Film: The incredible shrinking mob

The Big Picture

Harold Ramis's Analyze This is a genre piece, the comedy of Mafia manners. The gags are broad, and caricature is preferred over complexity - but it's pretty enjoyable all the same. It centres upon an amiable New York shrink, Ben Sobol (Billy Crystal), who's slightly bored by his patients and cowed by his father, a super-successful analyst who's too busy with his latest book-signing to attend Ben's forthcoming wedding to Laura (Lisa Kudrow). After accidentally rear-ending the car of a minor mafioso one night, Ben somehow becomes enlisted as doctor to Paul Vitti (Robert De Niro), a crime boss who has been suffering from panic attacks.

"When I got into family therapy, this was not the family I had in mind," wails the shrink, who soon finds his life peopled with no-neck consiglieri and strangers plummeting out of hotel windows. The collision of mobster and analyst, with their distinctive professional codes and private languages, is currently being exploited to wonderful advantage in The Sopranos. Analyze This opens a similar vein of comedy.

Harold Ramis and co-writers Peter Tolan and Kenneth Lonergan work up some lively exchanges between Crystal and De Niro, none better than the sequence in which the analyst tries to explain the Oedipus complex to his patient. Vitti listens. "Those Greeks," he says in disgust. He later confesses to Ben that he hasn't been able to phone his mother since that conversation. The emotional traffic goes both ways, however, as Ben rediscovers a sense of purpose: he can forget the moaners and neurotics who have been cluttering up his couch and grapple instead with the primal stuff of life and death.

The film also highlights a contrast in acting styles. Crystal is basically the nice Jewish guy he played in City Slickers, the same feisty combo of underdog and scaredy-cat hiding beneath an armoury of quips. His comedian's patter works surprisingly well opposite De Niro's coiled, depressive gangster, and he doesn't beg for our sympathy - neediness has always been his abiding fault as a performer.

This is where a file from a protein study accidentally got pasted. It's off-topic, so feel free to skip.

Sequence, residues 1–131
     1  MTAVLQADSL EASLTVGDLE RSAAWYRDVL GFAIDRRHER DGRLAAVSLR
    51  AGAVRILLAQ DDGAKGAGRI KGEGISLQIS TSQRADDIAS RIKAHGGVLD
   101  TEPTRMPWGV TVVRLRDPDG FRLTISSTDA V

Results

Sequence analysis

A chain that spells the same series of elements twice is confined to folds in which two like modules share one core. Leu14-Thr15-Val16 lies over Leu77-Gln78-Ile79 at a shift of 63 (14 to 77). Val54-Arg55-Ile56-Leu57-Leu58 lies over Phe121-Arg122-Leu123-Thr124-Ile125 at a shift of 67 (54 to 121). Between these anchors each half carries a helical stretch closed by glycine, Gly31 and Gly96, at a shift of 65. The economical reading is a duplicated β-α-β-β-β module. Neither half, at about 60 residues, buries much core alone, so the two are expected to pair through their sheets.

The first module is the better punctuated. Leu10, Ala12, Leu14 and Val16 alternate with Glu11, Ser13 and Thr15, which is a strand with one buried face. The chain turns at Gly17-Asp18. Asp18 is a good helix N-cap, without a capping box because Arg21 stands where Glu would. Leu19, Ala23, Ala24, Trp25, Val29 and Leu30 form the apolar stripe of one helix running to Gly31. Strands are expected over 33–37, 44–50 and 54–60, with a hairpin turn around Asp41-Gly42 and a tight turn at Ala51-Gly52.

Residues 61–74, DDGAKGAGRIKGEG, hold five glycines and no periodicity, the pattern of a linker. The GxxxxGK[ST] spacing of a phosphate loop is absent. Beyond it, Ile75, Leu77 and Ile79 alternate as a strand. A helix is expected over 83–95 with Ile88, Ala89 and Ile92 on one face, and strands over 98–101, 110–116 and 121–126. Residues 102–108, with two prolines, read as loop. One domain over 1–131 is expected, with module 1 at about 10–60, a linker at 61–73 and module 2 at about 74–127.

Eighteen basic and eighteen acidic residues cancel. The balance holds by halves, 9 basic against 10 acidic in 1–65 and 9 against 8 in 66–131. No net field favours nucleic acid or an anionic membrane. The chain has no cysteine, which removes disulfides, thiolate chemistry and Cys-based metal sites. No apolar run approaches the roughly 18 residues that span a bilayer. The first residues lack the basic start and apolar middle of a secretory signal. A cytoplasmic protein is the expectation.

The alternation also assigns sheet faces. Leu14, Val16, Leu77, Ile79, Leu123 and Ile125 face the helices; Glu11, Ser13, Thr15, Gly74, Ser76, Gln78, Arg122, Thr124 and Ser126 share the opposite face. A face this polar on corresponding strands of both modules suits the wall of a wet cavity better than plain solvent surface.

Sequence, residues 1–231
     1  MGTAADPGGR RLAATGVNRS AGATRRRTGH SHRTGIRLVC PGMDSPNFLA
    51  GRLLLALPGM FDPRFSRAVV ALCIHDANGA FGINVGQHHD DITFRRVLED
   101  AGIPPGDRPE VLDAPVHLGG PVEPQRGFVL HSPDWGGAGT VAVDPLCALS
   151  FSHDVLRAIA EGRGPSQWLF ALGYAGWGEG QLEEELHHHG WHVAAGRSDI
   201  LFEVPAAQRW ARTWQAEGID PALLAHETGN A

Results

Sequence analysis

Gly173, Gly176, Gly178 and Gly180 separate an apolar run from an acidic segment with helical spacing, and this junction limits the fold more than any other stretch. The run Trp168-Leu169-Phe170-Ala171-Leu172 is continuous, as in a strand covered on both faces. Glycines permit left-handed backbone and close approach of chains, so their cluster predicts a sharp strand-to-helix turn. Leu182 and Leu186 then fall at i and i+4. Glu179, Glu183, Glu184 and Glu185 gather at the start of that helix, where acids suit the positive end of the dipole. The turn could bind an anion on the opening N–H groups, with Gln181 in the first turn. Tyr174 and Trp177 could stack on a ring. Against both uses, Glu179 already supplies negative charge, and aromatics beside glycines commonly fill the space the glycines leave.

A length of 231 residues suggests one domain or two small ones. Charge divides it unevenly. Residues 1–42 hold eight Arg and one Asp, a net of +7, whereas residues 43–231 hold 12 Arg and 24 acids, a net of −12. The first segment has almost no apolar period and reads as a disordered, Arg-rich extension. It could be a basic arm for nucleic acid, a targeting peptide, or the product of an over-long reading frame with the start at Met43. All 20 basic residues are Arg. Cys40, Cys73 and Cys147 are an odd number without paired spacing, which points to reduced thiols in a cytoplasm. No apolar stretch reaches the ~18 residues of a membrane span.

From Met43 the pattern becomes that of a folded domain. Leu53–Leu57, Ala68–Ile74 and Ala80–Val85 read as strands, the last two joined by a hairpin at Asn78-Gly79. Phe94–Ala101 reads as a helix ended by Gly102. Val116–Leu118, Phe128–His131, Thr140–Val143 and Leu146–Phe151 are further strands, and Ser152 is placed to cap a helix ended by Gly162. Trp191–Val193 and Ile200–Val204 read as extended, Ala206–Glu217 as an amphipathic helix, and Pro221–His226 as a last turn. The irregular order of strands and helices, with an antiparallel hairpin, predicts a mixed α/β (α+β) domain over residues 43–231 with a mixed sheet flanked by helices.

As for De Niro, he finds a nice balance between menace and vulnerability (like Ben, Vitti's troubles can be traced back to his father) and he doesn't rely only on that famous Hallowe'en pumpkin grin. The great thing he keeps doing here is to wag his finger in vigorous approval of Ben's latest analytic insight (ie, something he agrees with) and say, admiringly, "You. You."

Under Ben's emollient influence, he even starts using the language of the couch: "I'm in a good place mentally" he tells a rival boss at one point, before impatience eventually gets the better of him and he's back to spouting vicious mouthfuls of asterisks.

Analyze This isn't as dark or as droll as The Sopranos, and it hasn't the luxury of the episodic structure to relax into its characters' lives. But it does offer Crystal and De Niro on top form, and the remarkable sight of Joseph Viterelli as the boss's lieutenant, Jelly, a man whose face seems entirely constituted of extra-lumpy dough, with two barely discernible pinpricks for eyes. Once seen, it's impossible to forget.

Don't be put off by the title. Alexander Payne's Election is indeed about politics, but its milieu is the high school and its mode is trenchant satirical comedy. Don't be put off by the high-school part, either. In its incisive observations of American competitiveness, this film has more in common with the awkward Rushmore than the romance'n'redemption candy of She's All That and Never Been Kissed.

Payne builds his film around the formidable person of Tracy Flick (Reese Witherspoon), school swot of Carver High in Omaha, Nebraska. Tracy, positively brimming with the can-do and self-belief of the overachiever, organises her campaign for election as school president with a fierce, almost military dedication. She bakes cakes, prints badges, gets her name about: failure is simply not a possibility in this girl's eyes.

So convincing is her candidacy that she's running unopposed - that's until her prissy determination irritates a young teacher, Jim McAllister (Matthew Broderick), and inspires him to nobble her campaign. He persuades a dopey but popular school jock, Paul (Chris Klein), to run against her, and so sets in motion a scandal that will sabotage far more than a schoolgirl's election plans.